Can they be prevented from ruling the world? Can we put them in their place? Of course we can, but first we have to address our own unhealthy self-obsession and fear of being wrong. We need to take a page out of their playbook. We must, at the very least, get over our anxiety around our own visibility. Occasionally we need a little of their “my opinion is the most important opinion in the room” attitude.
A fault in our culture is that most of us believe we need to be perfectly refined and bulletproof before we step forward. We are keenly aware of our shortcomings and the real possibility that we are flawed, imperfect human beings. We quietly attend to our own growth and let others battle it out in the arena. I will step forward here and say that I fear ridicule.
But there are times when it’s not enough for us to be quiet. Like when business as usual means that there will be nothing left for our children, and they might die, perhaps a miserable death. Certainly then.
Of course, we need more leaders like Elon Musk, and we need people with money and influence to support reforestation and clean energy. But more than that, we need average citizens, good neighbors, like me and you, to step forward in our convictions and risk being wrong. Risk being visible. Risk evolution.
Even if it’s a small reveal, like vocalizing our grief and confusion on Facebook to a few friends. Even if it’s only to a couple of people. Having conversations like this at the water cooler is important. Some people will recoil and we can’t take it personally, but we must start talking about saving the planet and shift our conversations and actions from consuming to restoring to the planet. And it starts with our own healing.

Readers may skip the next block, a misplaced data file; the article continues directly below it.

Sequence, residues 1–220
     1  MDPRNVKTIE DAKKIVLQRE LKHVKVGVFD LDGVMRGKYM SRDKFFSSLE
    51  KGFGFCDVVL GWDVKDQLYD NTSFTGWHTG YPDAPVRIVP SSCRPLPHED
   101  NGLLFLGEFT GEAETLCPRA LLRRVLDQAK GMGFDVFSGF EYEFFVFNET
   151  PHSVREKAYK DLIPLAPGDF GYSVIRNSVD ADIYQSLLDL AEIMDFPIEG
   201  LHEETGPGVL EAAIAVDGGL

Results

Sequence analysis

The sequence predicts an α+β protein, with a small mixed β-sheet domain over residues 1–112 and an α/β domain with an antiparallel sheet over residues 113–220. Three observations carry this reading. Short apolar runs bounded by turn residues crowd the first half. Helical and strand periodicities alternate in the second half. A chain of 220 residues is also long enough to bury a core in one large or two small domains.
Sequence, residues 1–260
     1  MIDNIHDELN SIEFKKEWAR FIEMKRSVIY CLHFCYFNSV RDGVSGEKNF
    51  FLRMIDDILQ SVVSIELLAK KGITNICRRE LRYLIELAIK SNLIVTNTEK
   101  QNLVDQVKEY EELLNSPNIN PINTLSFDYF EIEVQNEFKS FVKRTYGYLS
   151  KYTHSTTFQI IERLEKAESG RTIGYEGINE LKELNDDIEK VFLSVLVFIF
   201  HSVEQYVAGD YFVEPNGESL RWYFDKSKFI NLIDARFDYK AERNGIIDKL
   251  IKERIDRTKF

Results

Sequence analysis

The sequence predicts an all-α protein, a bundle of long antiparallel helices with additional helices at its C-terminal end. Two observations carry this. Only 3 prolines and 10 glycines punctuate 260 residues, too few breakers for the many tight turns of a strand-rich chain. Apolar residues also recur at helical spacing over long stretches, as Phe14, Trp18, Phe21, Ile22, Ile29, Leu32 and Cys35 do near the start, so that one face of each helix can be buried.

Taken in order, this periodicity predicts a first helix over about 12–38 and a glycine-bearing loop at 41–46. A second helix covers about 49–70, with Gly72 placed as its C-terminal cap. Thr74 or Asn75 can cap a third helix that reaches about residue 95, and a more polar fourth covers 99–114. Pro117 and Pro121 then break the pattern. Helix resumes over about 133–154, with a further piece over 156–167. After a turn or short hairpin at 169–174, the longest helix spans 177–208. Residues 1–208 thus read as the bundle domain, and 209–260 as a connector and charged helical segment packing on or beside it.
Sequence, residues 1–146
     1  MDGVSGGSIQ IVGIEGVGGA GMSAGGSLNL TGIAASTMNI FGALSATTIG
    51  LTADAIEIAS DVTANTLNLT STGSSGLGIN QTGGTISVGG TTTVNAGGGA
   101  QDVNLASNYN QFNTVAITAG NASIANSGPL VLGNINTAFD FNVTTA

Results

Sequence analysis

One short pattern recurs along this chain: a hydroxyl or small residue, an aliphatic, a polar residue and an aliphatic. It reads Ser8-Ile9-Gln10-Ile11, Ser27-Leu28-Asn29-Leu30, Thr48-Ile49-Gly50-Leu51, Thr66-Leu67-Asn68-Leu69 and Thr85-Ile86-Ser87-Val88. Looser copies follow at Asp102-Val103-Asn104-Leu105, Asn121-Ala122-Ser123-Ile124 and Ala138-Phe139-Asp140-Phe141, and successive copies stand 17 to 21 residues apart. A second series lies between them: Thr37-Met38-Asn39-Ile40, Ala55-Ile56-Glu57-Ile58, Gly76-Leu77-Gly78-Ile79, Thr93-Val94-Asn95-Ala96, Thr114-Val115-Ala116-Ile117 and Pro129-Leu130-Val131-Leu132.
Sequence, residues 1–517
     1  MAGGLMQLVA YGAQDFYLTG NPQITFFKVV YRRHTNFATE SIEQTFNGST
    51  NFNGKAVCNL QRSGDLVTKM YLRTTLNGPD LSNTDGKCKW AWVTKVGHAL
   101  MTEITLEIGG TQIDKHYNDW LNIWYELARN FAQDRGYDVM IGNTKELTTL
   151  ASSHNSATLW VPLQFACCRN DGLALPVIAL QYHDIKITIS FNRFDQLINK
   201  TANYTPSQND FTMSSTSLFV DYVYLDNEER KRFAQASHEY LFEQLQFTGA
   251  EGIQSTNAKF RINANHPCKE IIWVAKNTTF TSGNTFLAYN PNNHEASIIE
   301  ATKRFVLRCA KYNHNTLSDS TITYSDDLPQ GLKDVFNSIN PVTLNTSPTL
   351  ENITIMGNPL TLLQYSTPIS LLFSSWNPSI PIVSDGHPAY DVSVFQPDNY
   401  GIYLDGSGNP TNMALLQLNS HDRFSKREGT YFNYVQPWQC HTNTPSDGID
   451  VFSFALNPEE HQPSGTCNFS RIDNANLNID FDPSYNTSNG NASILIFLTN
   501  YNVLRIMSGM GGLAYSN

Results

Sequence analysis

I know we can’t be running around like Chicken Little, and there will be those who think you’re being a downer to speak of such things. But those of us whose eyes are wide open to the chaos and threats to our survival have to step forward and risk being seen and criticized. A healthy society is when we can put down our rigid individual sense of self in service to the collective good.
We are wounded soldiers and we are who Life brought forward at this critical time. Our grief, our healing, confusion, and vulnerability must walk hand in hand with our visible attempts to boldly save ourselves. It is immensely healing to find communities where we can attend to ourselves and each other fully, messily and completely — whether it’s with one friend or a circle of twenty.
When there is harmony in society, we can be content with being good neighbors, but there are times when we need to gather ourselves and act imperfectly. Now is such a time.
The so-called narcissist doesn’t care if he or she shows up boldly and forcefully. Let’s drink a little of this medicine. Not showing up for each other and Life because we fear ridicule points to an equally unhealthy self-obsession that is evident in our passivity.
Sandy Ibrahim is a Canadian of Egyptian and German descent. She does not know if her grandmothers are cheering her on or rolling over in their graves. After leaving her childhood home at 17, she has been pursuing sovereignty while maintaining a state of reverent bewilderment. She’s spent the last two decades raising two sons, and has worked as a systems analyst, a boxing coach, and a book-marketer. You can currently find her practicing Yoga, freaking out, writing, and volunteering for TreeSisters. You could contact her via her website.